Just tested 2 LE jackets hanging in my office and the chest seems fused on both. Â What's the difference between "basted" and fused? (and how can I tell the difference without deconstructing the jacket?) Â One jacket is 15 years old and the other is approximately 2 years old. Â BTW, I'm a devotee of LE, especially their trim-fit buttondown shirts, chinos, and polos (read the Sears/LE thread with interest as I think LE diversified their product line recently, but not in ways that appeal to me. e.g. it seems to me that thin faces often accompany a thin build, so why, oh why does LE not offer spread collars in trim fit???). Â Sorry for the off-topic rant.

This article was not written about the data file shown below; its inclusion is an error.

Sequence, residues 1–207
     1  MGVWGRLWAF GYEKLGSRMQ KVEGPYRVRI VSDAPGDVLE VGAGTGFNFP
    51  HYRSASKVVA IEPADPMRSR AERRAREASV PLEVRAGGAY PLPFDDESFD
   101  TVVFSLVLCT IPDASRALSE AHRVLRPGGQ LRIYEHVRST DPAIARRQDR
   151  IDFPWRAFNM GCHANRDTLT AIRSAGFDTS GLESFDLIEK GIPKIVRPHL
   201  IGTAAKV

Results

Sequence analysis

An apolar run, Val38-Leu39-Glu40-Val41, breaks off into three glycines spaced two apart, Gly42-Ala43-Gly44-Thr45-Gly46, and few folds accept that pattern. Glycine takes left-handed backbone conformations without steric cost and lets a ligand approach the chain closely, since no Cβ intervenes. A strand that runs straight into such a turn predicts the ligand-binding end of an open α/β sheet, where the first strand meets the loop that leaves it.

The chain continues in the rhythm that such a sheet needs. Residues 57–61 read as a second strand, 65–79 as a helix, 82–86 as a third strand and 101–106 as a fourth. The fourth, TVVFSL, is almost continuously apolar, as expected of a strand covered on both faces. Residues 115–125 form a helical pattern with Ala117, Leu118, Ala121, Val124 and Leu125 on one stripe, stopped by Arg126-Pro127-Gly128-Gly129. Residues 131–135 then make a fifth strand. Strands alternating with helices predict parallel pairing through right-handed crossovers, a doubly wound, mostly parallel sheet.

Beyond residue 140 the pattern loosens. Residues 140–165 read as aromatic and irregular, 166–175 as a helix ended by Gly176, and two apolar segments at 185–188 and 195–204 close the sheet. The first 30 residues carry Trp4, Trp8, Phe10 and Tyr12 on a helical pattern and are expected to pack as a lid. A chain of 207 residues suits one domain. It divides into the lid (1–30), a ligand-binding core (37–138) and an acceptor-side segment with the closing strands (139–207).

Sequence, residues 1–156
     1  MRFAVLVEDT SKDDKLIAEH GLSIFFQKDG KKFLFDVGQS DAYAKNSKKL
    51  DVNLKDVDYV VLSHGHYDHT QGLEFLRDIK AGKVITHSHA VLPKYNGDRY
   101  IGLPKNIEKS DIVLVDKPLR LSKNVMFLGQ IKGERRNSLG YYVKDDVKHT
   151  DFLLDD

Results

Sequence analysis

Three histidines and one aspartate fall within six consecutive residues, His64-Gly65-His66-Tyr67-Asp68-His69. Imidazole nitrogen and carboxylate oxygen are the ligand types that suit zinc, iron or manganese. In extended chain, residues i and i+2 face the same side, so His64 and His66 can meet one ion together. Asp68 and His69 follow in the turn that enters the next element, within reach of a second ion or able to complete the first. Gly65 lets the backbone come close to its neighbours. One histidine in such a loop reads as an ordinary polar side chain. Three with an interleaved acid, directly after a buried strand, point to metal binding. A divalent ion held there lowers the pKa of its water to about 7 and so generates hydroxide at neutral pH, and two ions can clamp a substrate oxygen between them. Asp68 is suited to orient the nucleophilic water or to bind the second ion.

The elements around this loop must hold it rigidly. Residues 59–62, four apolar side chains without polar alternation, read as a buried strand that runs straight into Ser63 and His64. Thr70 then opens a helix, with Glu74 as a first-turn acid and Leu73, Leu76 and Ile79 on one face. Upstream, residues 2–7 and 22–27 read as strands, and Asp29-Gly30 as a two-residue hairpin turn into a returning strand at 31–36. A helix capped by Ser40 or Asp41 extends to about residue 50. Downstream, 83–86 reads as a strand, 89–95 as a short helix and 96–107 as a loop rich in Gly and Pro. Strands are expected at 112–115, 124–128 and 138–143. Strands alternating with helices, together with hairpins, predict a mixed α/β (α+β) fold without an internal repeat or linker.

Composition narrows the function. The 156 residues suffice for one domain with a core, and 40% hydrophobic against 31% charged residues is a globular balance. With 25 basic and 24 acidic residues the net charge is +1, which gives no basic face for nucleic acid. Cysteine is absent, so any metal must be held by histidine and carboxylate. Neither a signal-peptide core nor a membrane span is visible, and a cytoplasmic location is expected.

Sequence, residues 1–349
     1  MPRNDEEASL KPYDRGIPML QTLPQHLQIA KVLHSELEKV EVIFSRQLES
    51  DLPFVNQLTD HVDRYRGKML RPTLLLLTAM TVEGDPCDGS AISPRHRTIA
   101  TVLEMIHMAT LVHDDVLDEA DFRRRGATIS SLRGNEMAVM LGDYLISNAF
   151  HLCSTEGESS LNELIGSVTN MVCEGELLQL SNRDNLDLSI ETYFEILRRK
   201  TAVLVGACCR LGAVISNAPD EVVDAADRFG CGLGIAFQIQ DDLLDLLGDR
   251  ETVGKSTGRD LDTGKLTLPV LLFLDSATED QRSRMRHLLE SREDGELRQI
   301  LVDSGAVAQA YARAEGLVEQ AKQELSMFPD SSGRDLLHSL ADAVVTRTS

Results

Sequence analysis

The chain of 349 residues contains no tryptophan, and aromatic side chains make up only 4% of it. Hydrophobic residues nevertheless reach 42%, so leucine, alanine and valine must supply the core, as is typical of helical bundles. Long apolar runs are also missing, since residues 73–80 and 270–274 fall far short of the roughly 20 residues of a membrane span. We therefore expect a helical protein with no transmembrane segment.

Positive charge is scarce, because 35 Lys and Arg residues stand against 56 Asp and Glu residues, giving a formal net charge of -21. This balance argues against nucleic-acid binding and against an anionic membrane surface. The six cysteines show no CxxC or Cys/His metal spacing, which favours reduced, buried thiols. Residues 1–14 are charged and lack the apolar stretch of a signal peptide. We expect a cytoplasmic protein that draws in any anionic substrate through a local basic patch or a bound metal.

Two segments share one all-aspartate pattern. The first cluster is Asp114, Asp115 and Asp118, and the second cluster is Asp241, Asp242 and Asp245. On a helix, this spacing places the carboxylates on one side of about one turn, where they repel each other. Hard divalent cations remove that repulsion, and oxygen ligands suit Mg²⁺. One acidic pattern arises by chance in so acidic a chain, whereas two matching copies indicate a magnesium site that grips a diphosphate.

There are plenty of folks on this site much more well-versed than I in suit construction, but I'll take a sophomoric stab at answering your question. Fusibles are interlinings, and paddings, that are heat set on to the fabric shells. Though they can last a long time, they can react differently than the fabric to cleaning temperatures, and can thus create puckers or misshapen surfaces and fabric. Plus, they move with the fabric, not necessarily with your body's contours. Canvassed linings (usually made of several layers of natural components like horsehair, cotton, and some blends) are sewn, or loosely basted ("placeholder stitches) in place, and then only at certain places. In effect, the piece is anchored in some places, and "floats" within the fabric shell (the layers of fabric). This helps the canvassing lay more naturally on your chest/torso, it responds to your natural contours, has great drape, can feel softer on you, is very durable, and due to its handcrafted placement, can cost quite a bit more than fusibles. Members on this forum can provide you with links to other threads with discussions on how to pinch fabric and detect canvas vs. fusible linings. I think fusibles are not that old (30-40 years?). Now, canvasses stuff is great. But that doesn't mean fusibles are trash by any means. Hope that helps a little.